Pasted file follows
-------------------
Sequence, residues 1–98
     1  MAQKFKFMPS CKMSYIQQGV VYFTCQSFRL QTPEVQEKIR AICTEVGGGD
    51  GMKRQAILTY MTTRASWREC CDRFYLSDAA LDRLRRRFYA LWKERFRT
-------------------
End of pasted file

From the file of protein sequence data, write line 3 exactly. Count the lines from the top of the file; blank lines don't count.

    51  GMKRQAILTY MTTRASWREC CDRFYLSDAA LDRLRRRFYA LWKERFRT